UBC fisheries expert wins Volvo Environment Prize

Rashid Sumaila. Photo: UBC IOF

The 2017 Volvo Environment Prize has been awarded to Rashid Sumaila, professor in UBC’s Institute for the Oceans and Fisheries and School of Public Policy, Director of the Fisheries Economics Research Unit (FERU) and OceanCanada Partnership, for his innovative work in fisheries economics and sustainable governance of ocean resources.

Sumaila’s research covers all aspects of the future health of the oceans: overfishing, oil spills, plastics pollution, ocean acidification, and climate change. He is an economist who has challenged traditional ways of marine governance and has introduced new ways of thinking, such as protecting the high seas as a “fish bank” for the world.

“This is an amazing, unexpected honour and recognition,” said Sumaila. “It puts me in the company of truly remarkable scientists, which is very humbling!”

“We are incredibly proud of Professor Sumaila,” said UBC President, Professor Santa Ono. “He is not only one of the most cited scientists, he also has the ability to bring science to life, to get everyone from children to laymen to experts interested in sustainability, climate change and the economy of fisheries, an area which he has pioneered.”

The world’s oceans were once seen as an infinite fisheries supply source, however research undertaken by Sumaila, and others, showed that overfishing has caused that supply to be severely depleted.

“There is clear scientific evidence, supported by reports from fishermen all over the world, that we are currently taking out too much fish. We are overfishing, depleting our resources”, said Sumaila. “If we were to protect the high seas, we would create areas where the fish can hide and grow. Fish can later seed the economic zones of countries. This will improve not only the marine biodiversity but also economics.” This suggestion of a total ban on fishing in the high seas, which cover more than two thirds of the world’s oceans, was, at first, deemed unrealistic, however the first high seas marine protected area, the Ross Sea in Antarctica, will come into force by December 1, 2017.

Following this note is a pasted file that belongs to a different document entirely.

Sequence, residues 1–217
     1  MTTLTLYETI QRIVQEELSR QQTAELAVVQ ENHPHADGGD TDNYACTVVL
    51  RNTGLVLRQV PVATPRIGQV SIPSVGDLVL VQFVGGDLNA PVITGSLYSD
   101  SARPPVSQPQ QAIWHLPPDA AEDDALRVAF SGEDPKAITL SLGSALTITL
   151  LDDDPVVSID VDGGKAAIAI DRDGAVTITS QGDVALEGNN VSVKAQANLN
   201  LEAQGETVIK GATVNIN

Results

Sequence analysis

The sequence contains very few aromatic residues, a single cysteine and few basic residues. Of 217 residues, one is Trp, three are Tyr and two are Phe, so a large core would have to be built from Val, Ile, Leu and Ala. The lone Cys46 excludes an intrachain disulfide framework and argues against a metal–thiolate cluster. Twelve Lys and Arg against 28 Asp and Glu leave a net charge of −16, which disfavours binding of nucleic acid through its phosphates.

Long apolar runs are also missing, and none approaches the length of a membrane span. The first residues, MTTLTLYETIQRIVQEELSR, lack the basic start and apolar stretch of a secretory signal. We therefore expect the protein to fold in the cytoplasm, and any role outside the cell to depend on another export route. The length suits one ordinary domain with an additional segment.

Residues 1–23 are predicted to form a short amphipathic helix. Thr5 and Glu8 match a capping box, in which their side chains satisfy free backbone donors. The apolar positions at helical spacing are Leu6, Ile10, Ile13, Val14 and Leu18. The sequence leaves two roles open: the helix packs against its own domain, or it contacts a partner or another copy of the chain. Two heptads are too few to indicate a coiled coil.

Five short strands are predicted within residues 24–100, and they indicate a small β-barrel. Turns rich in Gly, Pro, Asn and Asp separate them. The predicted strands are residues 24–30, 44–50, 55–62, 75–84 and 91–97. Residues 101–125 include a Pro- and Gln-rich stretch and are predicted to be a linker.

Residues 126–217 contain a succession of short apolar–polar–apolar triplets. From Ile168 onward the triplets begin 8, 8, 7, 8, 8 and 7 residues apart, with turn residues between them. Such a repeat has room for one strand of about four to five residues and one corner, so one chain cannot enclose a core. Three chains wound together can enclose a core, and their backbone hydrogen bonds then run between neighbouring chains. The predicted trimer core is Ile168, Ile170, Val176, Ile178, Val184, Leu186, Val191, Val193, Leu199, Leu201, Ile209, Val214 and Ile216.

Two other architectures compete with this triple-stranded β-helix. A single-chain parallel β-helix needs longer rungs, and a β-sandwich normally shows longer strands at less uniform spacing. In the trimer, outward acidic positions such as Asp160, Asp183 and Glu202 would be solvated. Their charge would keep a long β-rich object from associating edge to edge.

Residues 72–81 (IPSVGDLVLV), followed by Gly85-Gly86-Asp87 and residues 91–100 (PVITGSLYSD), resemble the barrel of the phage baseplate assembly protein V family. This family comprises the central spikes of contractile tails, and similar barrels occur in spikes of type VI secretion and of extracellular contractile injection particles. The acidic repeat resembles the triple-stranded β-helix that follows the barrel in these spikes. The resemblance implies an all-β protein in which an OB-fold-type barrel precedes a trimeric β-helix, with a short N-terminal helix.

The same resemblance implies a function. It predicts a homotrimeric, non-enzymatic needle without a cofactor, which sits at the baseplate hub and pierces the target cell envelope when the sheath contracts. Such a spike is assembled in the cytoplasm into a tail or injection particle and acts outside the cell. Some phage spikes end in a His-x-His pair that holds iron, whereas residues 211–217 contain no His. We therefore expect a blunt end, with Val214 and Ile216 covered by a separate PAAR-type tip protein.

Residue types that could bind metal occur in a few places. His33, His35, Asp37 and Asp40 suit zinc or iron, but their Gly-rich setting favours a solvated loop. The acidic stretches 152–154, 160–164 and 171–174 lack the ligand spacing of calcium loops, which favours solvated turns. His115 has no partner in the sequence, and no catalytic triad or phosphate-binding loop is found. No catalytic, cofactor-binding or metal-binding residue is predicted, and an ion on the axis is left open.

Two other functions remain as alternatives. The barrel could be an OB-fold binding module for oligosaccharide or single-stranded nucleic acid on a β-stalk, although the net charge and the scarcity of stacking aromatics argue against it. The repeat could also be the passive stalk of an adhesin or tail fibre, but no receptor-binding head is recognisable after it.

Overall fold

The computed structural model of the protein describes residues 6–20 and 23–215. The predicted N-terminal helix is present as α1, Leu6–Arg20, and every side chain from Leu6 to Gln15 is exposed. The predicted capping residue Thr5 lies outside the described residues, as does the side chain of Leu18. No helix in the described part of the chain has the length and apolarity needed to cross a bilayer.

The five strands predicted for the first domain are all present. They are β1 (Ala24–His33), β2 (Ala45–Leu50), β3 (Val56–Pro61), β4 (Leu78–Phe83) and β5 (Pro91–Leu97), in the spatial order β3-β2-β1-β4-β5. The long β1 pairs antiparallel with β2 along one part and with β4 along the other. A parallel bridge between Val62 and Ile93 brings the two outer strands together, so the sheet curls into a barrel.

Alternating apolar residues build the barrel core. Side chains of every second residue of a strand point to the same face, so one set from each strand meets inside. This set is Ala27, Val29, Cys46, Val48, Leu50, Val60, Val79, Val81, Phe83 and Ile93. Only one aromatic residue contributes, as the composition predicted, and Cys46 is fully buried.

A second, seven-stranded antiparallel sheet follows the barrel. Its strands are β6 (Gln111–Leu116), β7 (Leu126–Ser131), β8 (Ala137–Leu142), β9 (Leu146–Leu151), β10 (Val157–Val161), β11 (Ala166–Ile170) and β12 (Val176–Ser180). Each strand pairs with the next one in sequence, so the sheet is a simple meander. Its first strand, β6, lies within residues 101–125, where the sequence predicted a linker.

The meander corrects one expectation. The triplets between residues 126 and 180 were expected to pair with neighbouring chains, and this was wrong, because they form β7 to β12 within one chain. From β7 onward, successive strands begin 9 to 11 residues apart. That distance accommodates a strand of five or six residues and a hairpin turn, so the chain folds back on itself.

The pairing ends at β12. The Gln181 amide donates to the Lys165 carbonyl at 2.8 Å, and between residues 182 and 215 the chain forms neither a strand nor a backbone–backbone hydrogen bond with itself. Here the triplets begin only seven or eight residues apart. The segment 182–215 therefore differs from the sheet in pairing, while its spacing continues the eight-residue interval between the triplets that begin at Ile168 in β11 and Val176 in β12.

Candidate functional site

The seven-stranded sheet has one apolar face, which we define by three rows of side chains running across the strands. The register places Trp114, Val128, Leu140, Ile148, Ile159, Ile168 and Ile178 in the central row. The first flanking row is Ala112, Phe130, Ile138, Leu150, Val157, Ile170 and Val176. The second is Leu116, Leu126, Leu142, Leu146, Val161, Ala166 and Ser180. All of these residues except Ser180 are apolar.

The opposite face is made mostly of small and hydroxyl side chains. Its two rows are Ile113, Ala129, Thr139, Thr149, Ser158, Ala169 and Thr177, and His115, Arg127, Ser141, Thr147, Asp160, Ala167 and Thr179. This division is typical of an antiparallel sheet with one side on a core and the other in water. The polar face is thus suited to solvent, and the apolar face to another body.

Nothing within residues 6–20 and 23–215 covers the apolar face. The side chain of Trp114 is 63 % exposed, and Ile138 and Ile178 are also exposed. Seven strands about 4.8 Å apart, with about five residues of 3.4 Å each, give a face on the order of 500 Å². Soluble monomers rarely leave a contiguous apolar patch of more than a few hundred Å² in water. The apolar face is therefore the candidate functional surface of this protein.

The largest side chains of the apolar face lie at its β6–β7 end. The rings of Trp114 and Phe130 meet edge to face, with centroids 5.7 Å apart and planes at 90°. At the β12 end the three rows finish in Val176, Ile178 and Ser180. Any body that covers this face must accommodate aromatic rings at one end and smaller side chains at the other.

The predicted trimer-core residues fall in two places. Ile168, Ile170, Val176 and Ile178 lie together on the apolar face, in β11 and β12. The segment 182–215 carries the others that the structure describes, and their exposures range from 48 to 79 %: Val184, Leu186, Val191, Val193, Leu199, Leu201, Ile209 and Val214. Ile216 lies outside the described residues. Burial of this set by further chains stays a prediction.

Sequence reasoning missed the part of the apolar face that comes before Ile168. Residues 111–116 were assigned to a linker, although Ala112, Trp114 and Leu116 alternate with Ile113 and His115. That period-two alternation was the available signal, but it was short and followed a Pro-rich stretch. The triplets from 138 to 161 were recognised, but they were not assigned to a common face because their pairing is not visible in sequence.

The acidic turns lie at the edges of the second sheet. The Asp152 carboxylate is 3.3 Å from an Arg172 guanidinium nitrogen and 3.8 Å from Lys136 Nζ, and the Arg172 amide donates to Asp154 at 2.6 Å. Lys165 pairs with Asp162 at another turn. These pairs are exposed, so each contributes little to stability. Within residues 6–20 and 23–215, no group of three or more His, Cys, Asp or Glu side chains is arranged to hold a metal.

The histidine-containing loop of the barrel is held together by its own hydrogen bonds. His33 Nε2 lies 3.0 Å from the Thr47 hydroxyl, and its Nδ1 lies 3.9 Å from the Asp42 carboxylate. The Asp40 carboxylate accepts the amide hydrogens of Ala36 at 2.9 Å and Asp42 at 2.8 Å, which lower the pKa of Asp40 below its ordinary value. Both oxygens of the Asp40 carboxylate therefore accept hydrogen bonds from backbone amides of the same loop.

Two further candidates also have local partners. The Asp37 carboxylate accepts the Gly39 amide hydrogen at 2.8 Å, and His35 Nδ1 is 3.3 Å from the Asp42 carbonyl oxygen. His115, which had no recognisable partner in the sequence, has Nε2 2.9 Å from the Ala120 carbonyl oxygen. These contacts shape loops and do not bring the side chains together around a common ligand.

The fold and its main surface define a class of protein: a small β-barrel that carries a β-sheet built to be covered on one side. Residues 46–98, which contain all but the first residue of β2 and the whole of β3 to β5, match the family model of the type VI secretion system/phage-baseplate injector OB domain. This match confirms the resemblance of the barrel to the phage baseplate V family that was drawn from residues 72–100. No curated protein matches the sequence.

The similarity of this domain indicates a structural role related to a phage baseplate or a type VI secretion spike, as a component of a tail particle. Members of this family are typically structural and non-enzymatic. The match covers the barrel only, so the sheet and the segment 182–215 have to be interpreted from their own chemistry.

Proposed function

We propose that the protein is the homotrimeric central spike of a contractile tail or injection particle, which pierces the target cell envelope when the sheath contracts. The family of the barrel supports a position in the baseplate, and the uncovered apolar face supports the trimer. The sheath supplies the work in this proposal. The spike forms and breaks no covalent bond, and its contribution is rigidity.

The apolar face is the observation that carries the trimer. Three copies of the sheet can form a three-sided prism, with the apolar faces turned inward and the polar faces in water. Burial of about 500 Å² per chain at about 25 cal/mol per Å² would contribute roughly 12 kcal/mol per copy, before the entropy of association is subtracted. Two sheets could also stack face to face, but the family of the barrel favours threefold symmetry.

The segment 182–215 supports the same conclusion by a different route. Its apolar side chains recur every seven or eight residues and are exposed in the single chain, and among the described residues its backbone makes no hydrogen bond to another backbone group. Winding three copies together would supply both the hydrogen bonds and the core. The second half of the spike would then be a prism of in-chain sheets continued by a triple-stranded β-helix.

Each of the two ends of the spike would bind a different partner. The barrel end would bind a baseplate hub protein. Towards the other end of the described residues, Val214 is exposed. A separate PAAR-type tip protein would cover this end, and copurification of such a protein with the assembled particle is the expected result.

In addition, Sumaila’s application of game theory to fisheries, and his analysis of the nature, amounts and effects of government subsidies on global fisheries, has shown him to be an innovative, interdisciplinary researcher who is willing to address ocean ecology, fisheries economics, and conservation biology. His work is highly regarded by policy makers at the highest levels, resulting in invitations to give talks at the United Nations, the White House, the U.S. Congress, the European Parliament, the African Union, the British House of Lords, and the Canadian Parliament.

The Volvo Environment Prize was founded in 1988 and has become one of the world’s most prestigious environmental prizes. It is awarded annually to people who have made outstanding scientific discoveries within the area of the environment and sustainable development.

Sumaila will be presented with the prize, which consists of a diploma, a glass sculpture and a cash sum of SEK 1.5 million, at a ceremony in Stockholm on November 29, 2017.